Small supermarkets that do are being started, however. For example, Fresh ‘N Counter, in St. Louis, offers a high ratio of produce to groceries in a 12,000square-foot store. Three stores near San Francisco, run by Safeway under the name Bon Appetit, carry high-quality perishables and expensive grocery lines; their size ranges from 15,000 to 20,000 square feet.

The smaller supermarkets getting the most attention are a new chain begun in Boston, J. Bildner & Sons. The owner, James Bildner, is the son of Allen Bildner, the chairman of King’s. J. Bildner & Sons markets have small versions of all the service departments that superstores have—meat, fish, produce, prepared foods, cheese, and bakery—and only a few groceries. Bildner has opened the stores, none of which takes up more than 9,000 square feet (a typical convenience store is 2,600 square feet), in rich downtown and suburban neighborhoods. The stores are built of marble, wood, brass, and tile, and some have chandeliers.

In effect, Bildner is a new category of food store. It is unlike most take-away stores in that it carries raw meat, fish, and produce, and in that the prepared foods are sometimes made off the premises, in a central kitchen. It is unlike supermarkets in that it carries few groceries. It is unlike specialty shops such as butchers, fishmongers, and greengrocers in that its selection of meat, fish, and produce is small, although it models its services on those offered by such shops. Its prices are as high as, or higher than, those of the fanciest specialty shops, despite the narrow selection.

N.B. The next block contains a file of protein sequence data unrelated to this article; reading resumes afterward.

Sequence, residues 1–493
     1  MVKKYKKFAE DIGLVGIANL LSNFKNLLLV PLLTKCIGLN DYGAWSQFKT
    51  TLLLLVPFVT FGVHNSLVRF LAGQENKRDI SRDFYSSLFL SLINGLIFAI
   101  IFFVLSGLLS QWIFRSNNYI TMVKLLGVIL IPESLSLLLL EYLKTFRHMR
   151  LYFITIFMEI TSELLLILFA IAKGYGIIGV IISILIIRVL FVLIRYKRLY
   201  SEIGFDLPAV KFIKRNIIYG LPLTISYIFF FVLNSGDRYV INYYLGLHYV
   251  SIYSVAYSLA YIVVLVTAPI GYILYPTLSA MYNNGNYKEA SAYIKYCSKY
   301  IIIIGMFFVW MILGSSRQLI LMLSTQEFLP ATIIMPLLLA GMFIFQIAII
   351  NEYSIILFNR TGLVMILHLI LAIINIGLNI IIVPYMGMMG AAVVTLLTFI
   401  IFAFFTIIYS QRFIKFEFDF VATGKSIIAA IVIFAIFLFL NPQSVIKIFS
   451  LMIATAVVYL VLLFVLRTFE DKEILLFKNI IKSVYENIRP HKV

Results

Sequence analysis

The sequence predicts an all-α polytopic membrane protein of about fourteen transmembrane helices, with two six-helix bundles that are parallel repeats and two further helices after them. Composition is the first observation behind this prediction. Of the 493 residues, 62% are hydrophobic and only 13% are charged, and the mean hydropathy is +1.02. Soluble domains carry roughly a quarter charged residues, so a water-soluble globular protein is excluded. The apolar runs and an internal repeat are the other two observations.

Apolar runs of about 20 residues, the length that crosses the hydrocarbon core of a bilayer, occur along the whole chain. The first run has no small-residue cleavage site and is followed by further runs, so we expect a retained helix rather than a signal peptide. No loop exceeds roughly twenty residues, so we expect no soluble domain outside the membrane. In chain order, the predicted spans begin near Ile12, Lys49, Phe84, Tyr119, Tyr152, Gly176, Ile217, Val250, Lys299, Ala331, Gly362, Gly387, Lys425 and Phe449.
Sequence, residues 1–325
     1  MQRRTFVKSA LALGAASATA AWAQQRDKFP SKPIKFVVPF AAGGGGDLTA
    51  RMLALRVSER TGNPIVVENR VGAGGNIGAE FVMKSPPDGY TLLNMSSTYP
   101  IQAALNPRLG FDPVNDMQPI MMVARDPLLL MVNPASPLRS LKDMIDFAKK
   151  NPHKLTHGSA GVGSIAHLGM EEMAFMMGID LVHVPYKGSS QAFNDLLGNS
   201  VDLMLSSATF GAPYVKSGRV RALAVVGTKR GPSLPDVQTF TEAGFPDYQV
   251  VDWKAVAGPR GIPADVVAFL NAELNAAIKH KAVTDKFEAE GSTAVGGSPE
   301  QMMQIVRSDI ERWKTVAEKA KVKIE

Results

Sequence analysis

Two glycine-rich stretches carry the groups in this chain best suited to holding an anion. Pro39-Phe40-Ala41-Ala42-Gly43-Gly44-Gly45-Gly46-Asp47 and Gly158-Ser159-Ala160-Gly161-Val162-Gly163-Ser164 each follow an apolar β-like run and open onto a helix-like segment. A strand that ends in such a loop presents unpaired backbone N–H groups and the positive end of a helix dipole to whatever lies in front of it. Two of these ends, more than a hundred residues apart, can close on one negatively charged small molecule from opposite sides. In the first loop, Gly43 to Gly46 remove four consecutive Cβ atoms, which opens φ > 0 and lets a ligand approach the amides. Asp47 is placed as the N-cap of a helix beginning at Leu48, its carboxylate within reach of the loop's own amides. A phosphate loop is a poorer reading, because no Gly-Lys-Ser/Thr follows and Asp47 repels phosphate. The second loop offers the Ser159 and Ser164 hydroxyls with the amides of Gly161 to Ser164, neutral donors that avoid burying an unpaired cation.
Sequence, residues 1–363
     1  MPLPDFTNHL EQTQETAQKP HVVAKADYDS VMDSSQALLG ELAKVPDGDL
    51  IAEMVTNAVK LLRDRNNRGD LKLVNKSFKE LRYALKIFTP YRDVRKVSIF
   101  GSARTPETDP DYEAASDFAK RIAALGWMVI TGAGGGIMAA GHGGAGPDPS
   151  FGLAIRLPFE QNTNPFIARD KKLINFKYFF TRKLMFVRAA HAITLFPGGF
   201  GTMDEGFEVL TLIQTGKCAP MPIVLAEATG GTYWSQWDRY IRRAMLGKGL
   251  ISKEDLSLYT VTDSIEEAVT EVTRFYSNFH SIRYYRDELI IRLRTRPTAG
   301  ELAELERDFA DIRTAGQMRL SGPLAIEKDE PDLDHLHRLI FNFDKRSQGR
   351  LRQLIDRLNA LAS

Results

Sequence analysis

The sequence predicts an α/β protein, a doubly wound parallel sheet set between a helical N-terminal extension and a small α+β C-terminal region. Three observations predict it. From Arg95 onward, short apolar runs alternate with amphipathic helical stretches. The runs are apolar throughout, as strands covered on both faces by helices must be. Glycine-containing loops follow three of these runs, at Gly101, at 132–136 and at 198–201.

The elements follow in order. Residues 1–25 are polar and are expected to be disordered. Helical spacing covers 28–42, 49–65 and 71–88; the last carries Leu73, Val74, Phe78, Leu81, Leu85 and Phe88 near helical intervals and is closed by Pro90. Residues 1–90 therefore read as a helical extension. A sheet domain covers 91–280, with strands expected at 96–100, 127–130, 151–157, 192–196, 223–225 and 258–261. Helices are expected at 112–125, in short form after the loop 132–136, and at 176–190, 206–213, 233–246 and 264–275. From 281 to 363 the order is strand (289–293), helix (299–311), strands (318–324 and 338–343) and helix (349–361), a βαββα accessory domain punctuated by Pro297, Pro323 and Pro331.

The company claims that sales in four of the Boston stores are more than double initial projections. It recently opened five stores in Atlanta and will soon open four more there; last December it opened a large store in New York, and it plans to open three in Chicago. This goes against the conventional wisdom that what works in one area rarely works in another—no chain has stores in every state, and most chains are confined to one region. James Bildner claims that he has hit upon a “national formula” that he will not alter in his new locations.

The industry is watching J. Bildner & Sons closely. Consumers visit supermarkets more than any other kind of store, and owners will add services or change formats to bring them in even more often and to keep them there longer. Depending on who is doing well down the street, next year your local grocer might be importing glass display cases from Europe or installing warehouse shelving—or both.